Change can be fast and simple when you have simple tools that work and a skilled guide.

Reach out and let’s get started creating healthy relationships, solid self-esteem and get you trusting yourself to see the world clearly and handle things fairly.

Love Michelle

Posted in: All-or-Nothing Thinking, CEDRIC Centre, Relationship with Food, Relationship with Others, Relationship with Self

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Body Focus Hides Emotional Pain

Body Focus Hides Emotional Pain

When we automatically focus on what we are eating or shouldn’t be eating, calorie counting, and losing weight, whenever we start to feel anxious or unsettled about anything we effectively keep ourselves in a state of denial about painful experiences in our lives. Your emphasis on body focus hides emotional pain that you don’t want to feel or aren’t sure how to manage.  If you want to stop feeling so anxious, insecure and stressed about your body and food or any other harmful coping strategy like eating disorders, binging, drinking or drugs you’ve got to change the way you’re thinking about yourself and the world around you and not allow your instinctive brain to run free telling you stories of doom and gloom and of what’s wrong with you.

If you’re using any of those coping strategies I mentioned above it means you have a strong need for acceptance from others and will go out of your way to please others, even if it means sacrificing yourself.

This need for acceptance, coupled with feelings of low self-worth, keeps you stuck in a world of perfectionism, where your primary focus is on your body, how unacceptable you perceive it to be, and what life will be like when you finally have the body you desire.

As long as you believe that your body is the source of your unhappiness, you are able to stay in denial about the underlying causes of your distress.

What you fail to understand, because of past life events and your confused interpretation of them,  is that you are a capable human being, who can safely be responsible for your emotions and experiences, and who can learn to feel confident and secure in yourself and to show respect for yourself and your needs, without losing the support and respect of others.

Trust this. Just because you haven’t experienced it doesn’t mean it doesn’t exist or that you can’t create it. You don’t really believe you know everything there is to know do you?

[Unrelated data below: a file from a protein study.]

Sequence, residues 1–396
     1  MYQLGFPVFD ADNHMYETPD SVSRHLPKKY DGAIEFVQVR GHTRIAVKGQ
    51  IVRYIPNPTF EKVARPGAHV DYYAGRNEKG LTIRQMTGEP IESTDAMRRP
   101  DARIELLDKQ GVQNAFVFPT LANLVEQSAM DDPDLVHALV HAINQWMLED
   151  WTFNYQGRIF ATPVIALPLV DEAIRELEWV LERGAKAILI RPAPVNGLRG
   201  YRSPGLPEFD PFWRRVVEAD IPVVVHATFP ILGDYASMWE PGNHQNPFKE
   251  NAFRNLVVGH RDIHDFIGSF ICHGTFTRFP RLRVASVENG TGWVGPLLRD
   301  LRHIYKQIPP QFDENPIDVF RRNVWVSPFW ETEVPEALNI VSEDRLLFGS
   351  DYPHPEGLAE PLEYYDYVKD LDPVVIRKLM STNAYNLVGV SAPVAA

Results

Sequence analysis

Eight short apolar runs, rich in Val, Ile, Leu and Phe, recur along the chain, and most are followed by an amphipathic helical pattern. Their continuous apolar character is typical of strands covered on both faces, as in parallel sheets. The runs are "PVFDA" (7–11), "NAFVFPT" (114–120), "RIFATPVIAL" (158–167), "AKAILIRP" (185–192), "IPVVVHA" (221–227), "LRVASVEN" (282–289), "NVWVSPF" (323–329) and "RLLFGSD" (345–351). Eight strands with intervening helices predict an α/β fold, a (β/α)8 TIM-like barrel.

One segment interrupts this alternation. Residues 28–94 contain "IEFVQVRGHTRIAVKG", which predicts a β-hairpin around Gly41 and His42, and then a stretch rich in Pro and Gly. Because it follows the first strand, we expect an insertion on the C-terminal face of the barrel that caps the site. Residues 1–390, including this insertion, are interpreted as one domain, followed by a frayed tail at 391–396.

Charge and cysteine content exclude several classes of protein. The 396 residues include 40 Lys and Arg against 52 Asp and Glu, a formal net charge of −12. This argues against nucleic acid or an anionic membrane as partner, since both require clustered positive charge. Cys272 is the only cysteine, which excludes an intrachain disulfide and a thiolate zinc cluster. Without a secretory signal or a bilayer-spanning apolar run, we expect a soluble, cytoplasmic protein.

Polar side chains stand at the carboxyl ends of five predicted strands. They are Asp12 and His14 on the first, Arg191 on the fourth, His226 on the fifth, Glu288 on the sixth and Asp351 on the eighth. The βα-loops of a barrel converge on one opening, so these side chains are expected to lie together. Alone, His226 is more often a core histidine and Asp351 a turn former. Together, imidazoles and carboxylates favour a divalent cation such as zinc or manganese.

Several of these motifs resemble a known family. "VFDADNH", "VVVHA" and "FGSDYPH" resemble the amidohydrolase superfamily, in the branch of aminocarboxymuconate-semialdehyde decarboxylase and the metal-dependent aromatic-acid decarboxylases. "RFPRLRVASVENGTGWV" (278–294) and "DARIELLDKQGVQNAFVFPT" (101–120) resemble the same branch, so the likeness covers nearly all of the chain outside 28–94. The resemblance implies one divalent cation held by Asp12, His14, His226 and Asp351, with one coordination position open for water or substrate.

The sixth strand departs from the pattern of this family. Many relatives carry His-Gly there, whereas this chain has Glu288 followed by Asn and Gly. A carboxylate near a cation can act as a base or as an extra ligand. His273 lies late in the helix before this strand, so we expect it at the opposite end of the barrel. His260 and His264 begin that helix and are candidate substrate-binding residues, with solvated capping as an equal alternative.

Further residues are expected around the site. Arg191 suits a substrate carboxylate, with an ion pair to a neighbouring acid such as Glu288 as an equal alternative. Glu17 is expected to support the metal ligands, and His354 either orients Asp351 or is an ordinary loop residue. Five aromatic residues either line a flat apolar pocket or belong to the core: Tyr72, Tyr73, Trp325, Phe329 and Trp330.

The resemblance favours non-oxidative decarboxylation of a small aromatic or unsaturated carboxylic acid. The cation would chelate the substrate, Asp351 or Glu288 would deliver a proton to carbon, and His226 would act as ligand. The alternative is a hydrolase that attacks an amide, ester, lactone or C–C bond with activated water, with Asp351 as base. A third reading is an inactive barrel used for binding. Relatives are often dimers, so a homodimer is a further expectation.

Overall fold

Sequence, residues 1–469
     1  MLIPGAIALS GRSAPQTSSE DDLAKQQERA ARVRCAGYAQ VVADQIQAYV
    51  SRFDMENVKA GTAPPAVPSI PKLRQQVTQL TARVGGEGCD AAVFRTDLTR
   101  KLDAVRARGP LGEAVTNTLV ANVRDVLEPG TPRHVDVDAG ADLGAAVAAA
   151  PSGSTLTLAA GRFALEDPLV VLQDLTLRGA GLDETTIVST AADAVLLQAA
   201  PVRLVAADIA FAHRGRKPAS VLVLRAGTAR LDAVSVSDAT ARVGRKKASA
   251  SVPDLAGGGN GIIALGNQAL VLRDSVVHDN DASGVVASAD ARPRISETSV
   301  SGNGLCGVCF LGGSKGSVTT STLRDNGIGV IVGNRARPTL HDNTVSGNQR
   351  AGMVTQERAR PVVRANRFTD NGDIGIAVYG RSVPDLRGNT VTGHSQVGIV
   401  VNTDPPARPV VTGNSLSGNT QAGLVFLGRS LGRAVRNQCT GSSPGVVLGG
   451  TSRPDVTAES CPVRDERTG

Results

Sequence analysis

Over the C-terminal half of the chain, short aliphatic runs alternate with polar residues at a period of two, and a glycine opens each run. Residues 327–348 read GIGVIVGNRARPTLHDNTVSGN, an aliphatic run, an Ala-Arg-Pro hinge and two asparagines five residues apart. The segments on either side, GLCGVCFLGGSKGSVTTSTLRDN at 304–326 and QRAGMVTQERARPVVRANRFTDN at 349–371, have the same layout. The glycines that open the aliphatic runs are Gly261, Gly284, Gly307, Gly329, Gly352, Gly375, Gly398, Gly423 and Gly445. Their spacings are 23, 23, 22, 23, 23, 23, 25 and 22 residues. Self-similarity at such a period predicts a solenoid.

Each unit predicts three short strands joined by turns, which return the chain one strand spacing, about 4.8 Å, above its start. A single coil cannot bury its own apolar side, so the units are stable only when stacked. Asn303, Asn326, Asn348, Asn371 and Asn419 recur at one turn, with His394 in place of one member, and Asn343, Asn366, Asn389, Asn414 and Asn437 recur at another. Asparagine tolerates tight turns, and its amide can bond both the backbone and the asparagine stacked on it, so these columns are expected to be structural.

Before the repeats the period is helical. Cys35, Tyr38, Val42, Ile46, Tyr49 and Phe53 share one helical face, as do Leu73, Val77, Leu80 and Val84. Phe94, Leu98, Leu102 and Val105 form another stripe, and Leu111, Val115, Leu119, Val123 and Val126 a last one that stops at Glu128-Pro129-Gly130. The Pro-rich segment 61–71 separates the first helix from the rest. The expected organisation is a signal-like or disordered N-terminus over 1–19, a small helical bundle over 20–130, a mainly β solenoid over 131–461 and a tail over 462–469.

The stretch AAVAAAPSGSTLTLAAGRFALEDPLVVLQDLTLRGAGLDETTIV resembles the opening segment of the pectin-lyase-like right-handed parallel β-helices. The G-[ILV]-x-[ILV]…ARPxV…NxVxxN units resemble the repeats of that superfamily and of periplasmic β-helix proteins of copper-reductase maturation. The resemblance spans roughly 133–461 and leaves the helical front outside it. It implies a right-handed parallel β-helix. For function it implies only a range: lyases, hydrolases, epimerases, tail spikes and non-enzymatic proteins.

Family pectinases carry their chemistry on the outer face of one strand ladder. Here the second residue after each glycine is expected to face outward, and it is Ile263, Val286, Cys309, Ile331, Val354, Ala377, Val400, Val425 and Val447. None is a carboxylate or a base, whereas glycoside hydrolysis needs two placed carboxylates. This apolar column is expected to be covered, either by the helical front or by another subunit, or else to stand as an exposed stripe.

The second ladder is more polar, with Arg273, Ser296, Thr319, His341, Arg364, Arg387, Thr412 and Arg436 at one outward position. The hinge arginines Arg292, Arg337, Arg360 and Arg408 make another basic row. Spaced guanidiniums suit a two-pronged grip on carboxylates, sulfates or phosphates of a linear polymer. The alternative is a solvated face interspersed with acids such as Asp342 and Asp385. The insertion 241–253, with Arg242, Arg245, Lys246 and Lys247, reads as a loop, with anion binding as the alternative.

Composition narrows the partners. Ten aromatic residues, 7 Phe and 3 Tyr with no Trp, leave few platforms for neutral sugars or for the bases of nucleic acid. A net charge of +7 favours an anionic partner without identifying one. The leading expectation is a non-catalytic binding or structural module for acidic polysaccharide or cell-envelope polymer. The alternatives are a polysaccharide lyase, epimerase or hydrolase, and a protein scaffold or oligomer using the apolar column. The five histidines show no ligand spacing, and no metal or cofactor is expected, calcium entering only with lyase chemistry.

You may be afraid that you can’t change but that fear is very different from an absolute fact and I know from my own experience and 20+ years as a counselling specialist that if you just show up and you’re willing to try something new, you will be amazed with how quickly and simply patterns that may have plagued you for decades change for good.

Reach out and let me show you how.

Love Michelle

Posted in: All-or-Nothing Thinking, CEDRIC Centre, Relationship with Food, Relationship with Self

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Don’t Give Your Power Away

Don’t Give Your Power Away

It’s easy to say ‘don’t give your power away.’  But if you’ve never really felt entitled to asking for what you need; if no one taught you to value yourself you wouldn’t feel you have any power to begin with. So, let’s me explain a bit more and then maybe the statement  -Don’t Give Your Power Away – will make more sense.

Who wouldn’t struggle to feel confident if the key people in their lives didn’t model and reinforce good communication, self-respect, solid boundaries , and good self-care?

Who on earth wouldn’t feel increasingly anxious when their approach to the world is to tune out automatically to their feelings; to numb themselves from their awareness of stress and insecurity and confusion with food, drinking, drugs, t.v., internet etc.?

You’re not broken, simply misinformed and under-educated in the basic life skills we all need to feel solid and confident in ourselves. And judging from the hundreds of millions of people worldwide who struggle with addictions and dysfunctional relationships you’re not alone.

If you just bury your head and hope for the best because you’ve told yourself there’s nothing you can do – or because perhaps others have told you you’re not worthy or capable of the things you most desire you are allowing yourself to stay stuck in irrational thinking that has nothing at all to do with the present day and what you could truly achieve. 

Your life is out of control when you live from this mindset.

You’re putting your happiness and joy and peace and fulfillment in the hands of everyone you come into contact with, which, inadvertently, is the reason that those who use food to cope also often use the coping strategy of isolation and avoidance.  It’s easier to not have to deal with people if you don’t trust yourself to take care of yourself when you feel the niggle arise.

I want to encourage you to stop at least twice a day and just ask yourself:
  • “Am I feeling at all unsettled (or thinking of using my coping strategy or actually using it right now)?”
  • “What might be triggering that feeling or the need to check out?”
  • “What am I telling myself about that situation or about me?”

And if you’d like to get help and support and good solid simple tools to change the answers let me know.